California’s cannabis equity efforts support people and communities harmed by cannabis criminalization. These efforts lower barriers to the cannabis industry for those hit hardest by the War on Drugs.
Listen to our Deputy Director of Equity and Inclusion talk to two Black female entrepreneurs in this video about the investments DCC has made toward creating equity in the cannabis industry.
On the last day of Black History Month, we celebrate the wisdom of equity cannabis retailers Rickey McCullough and Cynthia Carey-Grant, who sat down for an interview with DCC Equity and Inclusion Deputy Director, Eugene Hillsman.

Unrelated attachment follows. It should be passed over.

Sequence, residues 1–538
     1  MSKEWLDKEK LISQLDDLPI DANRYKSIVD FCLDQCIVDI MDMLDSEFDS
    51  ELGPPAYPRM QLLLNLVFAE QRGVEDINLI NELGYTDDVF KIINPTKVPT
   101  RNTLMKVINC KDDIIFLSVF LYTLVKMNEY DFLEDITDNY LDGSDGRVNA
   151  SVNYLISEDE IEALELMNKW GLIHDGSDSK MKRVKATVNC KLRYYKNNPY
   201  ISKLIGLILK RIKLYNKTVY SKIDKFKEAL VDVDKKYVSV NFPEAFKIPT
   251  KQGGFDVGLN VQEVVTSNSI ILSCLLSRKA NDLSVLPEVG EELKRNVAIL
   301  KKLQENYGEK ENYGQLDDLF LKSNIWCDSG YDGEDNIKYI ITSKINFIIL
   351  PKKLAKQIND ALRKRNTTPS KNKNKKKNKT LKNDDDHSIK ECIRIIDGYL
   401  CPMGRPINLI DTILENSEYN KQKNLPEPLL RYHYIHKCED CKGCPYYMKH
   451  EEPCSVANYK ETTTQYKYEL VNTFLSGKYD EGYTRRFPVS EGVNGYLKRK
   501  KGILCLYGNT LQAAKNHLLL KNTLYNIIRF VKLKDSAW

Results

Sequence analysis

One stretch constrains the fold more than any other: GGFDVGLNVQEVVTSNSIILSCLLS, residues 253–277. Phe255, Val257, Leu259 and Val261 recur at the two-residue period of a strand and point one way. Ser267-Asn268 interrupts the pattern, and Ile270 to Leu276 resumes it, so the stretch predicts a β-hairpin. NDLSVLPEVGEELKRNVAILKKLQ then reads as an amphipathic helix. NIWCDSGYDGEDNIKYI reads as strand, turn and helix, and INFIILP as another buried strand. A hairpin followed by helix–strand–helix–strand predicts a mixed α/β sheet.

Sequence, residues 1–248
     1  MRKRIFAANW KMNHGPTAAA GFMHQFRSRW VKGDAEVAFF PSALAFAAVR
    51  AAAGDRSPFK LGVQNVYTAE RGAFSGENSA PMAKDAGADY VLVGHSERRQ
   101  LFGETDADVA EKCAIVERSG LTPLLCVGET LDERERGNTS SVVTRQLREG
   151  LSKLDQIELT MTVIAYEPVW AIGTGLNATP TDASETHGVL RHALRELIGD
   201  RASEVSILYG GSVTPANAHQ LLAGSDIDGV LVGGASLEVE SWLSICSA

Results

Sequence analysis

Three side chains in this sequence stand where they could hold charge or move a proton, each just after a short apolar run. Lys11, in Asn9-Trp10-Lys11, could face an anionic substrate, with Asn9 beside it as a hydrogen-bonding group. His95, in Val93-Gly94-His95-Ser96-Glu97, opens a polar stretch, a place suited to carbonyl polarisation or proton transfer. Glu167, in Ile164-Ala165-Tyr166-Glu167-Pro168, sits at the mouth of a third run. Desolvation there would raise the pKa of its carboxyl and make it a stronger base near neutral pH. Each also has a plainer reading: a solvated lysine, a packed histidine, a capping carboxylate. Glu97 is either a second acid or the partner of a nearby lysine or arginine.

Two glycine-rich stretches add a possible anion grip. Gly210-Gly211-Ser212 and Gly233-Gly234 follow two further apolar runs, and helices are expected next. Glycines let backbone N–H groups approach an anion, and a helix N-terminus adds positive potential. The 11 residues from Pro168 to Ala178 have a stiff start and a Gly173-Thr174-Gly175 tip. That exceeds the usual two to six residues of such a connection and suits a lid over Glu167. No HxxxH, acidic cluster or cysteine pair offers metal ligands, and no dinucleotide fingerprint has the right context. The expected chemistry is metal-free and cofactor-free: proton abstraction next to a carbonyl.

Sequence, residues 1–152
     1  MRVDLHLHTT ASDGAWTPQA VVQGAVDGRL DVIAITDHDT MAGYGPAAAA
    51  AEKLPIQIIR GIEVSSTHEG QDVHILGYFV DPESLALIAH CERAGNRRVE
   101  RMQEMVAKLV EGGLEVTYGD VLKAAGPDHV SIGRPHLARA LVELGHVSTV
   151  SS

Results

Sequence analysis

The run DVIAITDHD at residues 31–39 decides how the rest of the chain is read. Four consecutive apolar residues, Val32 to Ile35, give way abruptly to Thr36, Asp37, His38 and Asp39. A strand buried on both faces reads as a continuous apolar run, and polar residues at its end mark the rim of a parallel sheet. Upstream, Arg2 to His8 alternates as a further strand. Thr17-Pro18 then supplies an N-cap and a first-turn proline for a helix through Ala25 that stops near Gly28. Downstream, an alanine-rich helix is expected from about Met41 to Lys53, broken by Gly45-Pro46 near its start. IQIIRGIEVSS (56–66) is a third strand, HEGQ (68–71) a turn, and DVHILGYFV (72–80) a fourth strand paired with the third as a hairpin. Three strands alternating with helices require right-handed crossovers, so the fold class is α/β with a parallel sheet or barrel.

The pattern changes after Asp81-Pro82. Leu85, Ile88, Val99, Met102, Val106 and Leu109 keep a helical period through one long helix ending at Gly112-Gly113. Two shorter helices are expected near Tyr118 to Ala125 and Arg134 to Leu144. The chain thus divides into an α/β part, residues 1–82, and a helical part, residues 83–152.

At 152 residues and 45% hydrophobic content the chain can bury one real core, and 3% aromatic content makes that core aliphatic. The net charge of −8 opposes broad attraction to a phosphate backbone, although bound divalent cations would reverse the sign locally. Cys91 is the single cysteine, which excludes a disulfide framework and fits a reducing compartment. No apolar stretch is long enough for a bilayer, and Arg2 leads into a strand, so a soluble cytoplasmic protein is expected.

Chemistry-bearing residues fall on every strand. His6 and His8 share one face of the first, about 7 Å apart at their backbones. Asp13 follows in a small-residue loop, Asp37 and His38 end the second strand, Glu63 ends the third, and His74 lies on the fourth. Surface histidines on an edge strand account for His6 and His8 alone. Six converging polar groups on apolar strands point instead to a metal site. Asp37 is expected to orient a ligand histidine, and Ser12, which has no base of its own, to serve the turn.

In this episode, Rickey McCullough, owner of Root’d in the 510 and Cynthia Carey-Grant, owner of Rose Mary Jane talk with DCC staff about their hopes for the future of the cannabis industry.
In this episode, DCC staff talk to Rickey McCullough, owner of Root’d in the 510, and Cynthia Carey-Grant, owner of Rose Mary Jane about what it means to be an equity cannabis retailer, what their hopes are for the future, and what they want consumers to know.
Effects of cannabis criminalization
Cannabis prohibition had a devastating impact on Californians and people across the country. The long-term consequences of cannabis criminalization continue to impact:
- People convicted of a cannabis offense
- Their families
- The communities in which they live
Local Equity Promising Practices